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UW Bothell and Northwest tribal leaders consider moving classroom to the reservation
University of Washington Bothell professors and representatives from more than a dozen northwest Native American tribes will convene on the Bothell campus on Aug. 21 to formalize the Tribal Education Network (T-E-N).
This initiative will allow youth to be educated on the reservation using multimedia and interactive methods, including casebook projects, which will replace classes and provide culturally relevant content through narratives and real-life cases.
Project co-director Deanna Kennedy is an assistant professor in UW Bothell’s School of Business; she is from the Cherokee Nation of Oklahoma. Kennedy says this project may be the missing link to getting native youth college-ready.
“I think it is important to figure out how universities and colleges can make this material accessible to Native Americans,” she said, adding, “I don’t think they’ve been doing a very good job of it so far. The numbers of getting students from reservations to universities speaks to this.” Kennedy will work closely with William Erdly, an associate professor in the School of Science, Technology Engineering and Mathematics. Erdly has extensive experience with local tribes of Washington.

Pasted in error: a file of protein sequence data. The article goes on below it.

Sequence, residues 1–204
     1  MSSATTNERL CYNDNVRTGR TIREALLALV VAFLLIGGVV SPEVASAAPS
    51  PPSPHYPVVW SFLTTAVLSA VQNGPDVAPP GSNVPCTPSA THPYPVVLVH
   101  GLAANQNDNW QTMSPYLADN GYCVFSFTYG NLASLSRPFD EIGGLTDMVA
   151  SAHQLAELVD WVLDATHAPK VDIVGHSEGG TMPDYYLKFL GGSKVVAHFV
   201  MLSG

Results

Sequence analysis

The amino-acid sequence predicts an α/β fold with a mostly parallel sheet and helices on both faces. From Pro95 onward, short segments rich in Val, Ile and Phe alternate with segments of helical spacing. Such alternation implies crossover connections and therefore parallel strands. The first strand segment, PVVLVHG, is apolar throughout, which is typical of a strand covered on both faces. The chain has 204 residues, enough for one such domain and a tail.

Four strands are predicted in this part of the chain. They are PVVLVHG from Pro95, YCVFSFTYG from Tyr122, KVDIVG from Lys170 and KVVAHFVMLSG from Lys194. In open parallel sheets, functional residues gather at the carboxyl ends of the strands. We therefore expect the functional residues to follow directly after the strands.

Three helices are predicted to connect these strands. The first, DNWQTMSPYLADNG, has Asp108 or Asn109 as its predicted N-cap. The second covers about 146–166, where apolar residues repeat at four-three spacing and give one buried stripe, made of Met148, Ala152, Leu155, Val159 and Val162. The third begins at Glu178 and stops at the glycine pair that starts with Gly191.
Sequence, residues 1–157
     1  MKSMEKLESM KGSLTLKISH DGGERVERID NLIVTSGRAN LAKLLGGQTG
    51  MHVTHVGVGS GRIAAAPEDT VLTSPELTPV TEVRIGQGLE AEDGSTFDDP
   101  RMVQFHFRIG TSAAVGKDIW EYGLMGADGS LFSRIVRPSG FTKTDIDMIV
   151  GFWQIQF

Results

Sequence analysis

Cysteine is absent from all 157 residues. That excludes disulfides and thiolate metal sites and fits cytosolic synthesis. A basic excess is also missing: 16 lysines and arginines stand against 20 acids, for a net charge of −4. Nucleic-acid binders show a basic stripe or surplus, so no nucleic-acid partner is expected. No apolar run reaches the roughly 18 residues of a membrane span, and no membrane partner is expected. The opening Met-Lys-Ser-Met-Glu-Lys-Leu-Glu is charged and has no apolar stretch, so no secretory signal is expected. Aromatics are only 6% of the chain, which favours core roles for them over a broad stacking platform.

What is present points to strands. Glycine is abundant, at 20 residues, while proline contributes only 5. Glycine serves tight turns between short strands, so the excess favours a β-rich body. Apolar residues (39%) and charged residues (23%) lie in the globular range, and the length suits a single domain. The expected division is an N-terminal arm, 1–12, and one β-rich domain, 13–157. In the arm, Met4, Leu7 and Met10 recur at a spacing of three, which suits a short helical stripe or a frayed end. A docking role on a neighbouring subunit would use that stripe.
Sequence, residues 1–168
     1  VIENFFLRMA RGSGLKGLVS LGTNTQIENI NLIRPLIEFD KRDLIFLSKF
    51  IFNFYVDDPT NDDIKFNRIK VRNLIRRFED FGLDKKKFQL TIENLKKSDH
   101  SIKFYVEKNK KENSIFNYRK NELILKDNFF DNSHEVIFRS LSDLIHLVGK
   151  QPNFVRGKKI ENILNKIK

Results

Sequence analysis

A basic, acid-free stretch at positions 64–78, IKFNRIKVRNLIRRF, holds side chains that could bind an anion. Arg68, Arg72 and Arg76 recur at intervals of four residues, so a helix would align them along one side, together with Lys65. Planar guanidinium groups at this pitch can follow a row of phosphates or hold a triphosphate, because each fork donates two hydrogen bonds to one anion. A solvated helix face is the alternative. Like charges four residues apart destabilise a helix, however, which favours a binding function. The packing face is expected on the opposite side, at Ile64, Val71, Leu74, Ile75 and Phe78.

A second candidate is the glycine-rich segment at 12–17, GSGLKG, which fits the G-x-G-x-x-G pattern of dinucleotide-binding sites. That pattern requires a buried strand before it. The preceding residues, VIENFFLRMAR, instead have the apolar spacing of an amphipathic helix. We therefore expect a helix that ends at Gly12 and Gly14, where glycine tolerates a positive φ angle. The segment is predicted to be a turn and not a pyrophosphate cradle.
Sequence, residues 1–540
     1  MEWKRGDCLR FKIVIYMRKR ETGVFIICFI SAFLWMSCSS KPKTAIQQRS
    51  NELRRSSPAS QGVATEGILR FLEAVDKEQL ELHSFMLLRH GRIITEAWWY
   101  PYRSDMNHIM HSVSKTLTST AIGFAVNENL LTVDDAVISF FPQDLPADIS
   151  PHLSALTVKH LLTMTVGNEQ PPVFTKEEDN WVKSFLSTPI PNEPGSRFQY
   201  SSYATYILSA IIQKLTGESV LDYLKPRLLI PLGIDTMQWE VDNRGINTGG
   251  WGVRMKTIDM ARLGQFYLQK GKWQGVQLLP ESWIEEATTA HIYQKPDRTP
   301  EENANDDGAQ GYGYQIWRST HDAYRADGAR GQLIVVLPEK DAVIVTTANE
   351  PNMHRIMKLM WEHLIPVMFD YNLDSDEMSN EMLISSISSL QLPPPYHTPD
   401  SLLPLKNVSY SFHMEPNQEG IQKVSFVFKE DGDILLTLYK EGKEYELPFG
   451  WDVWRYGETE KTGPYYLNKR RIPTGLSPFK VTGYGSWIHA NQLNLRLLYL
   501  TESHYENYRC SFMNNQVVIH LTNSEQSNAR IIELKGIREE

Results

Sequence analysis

A proposed tribal advisory board will be part of the process from the beginning. The board will help set curriculum priorities and engage other tribal leaders to mentor students and become storytellers within the casebook projects.
Kennedy hopes the Tribal Education Network will eventually offer other major benefits, including career guidance, a certification program and undergraduate credits that would transfer to the UW.
For now, Kennedy anticipates first year success.
“Seeing them finish the casebook will be great,” she said. “To hear them using the information in their lives will be better.”
Kennedy says once the Tribal Education Network expands, and broadens, faculty from across all three UW campuses will be able to create casebooks on their own topics.
For more information, visit www.uwb.edu.